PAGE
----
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Romeo and Juliet | Shakespeare and love | Birmingham City Council

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Romeo and Juliet

One cannot talk about love without immediately recalling the story of Shakespeare’s Romeo and Juliet, a story unsurpassed in world literature as a celebration of young love – innocent and pure, love at first sight, strong and passionate. Although Shakespeare rarely invents the plots of his plays, he has created here an exceptionally powerful image of young love.

Love is a smoke rais’d with the fume of sighs;
Being purg’d , a fire sparkling in lover’s eyes;
Being vex’d, a sea raging with lover’s tears;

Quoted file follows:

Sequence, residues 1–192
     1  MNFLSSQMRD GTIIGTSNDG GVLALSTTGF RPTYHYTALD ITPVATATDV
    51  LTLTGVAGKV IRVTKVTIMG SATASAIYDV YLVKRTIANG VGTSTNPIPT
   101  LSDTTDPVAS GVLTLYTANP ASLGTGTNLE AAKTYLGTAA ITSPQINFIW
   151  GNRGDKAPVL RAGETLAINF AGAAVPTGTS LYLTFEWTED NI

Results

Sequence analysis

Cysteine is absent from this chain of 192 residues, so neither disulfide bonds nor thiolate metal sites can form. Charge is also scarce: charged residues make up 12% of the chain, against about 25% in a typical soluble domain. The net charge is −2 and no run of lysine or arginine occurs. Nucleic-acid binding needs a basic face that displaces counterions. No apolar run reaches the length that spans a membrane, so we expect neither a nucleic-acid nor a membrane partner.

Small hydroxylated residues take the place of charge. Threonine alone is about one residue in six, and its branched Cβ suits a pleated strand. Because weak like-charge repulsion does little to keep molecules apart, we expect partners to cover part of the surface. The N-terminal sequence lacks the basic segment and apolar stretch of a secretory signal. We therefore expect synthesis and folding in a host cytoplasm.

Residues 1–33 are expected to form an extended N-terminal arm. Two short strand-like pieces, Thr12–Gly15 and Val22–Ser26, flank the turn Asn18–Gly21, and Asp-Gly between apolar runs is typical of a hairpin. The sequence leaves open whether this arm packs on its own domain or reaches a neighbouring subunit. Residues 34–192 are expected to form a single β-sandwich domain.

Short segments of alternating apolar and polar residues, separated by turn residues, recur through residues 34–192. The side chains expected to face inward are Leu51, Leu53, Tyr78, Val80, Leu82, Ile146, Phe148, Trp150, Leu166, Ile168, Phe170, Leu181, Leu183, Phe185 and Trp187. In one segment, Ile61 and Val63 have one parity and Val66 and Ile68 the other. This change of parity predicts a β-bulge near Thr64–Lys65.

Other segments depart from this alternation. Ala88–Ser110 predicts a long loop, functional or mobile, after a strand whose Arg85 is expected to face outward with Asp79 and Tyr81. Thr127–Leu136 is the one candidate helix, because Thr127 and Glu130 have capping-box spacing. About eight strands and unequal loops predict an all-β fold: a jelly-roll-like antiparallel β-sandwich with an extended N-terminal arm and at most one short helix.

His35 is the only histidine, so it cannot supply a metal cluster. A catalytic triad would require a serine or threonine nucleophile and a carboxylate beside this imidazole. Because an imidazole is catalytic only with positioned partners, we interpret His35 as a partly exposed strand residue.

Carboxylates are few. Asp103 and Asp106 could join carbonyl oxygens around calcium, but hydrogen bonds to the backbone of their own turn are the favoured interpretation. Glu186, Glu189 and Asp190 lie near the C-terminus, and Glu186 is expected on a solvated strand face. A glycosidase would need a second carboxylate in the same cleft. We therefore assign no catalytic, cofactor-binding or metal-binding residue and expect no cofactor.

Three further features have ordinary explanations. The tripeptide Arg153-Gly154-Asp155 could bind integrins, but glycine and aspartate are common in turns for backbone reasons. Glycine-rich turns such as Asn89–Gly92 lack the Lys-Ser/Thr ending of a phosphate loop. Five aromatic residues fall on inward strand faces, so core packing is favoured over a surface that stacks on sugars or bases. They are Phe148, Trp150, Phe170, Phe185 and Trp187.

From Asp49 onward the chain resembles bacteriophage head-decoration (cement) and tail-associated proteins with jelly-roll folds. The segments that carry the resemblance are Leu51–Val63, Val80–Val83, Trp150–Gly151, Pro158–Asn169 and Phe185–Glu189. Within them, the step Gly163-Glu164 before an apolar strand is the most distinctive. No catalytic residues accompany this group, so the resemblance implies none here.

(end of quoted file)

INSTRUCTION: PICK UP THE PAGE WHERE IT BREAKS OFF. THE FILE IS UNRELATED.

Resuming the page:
What is it else? A madness most discreet,
A choking gall and a preserving sweet.

Romeo’s love is pure emotion, thoughtless and driven by the spirit of feud and revenge. Juliet is the younger one, more practical and determined that they should be joined in marriage;

My bounty is as boundless as the sea,
My love as deep; the more I give to thee,
The more I have,for both are infinite.

The beauty of Shakespeare’s language and understanding of the young lovers emotions is what makes the play timeless. However, the destiny of Romeo and Juliet’s love is doomed due to a conflict between their families – Montague’s and Capulets. The lover’s sacrifice brings the reconciliation of the two families and the healing of the social wound. However, the question lingers as to whether pure love is possible in society bound by norms and rules of behaviour that suppress true feelings. It is not surprising that Shakespeare sees love as only possible in a dream (A midsummer night’s dream).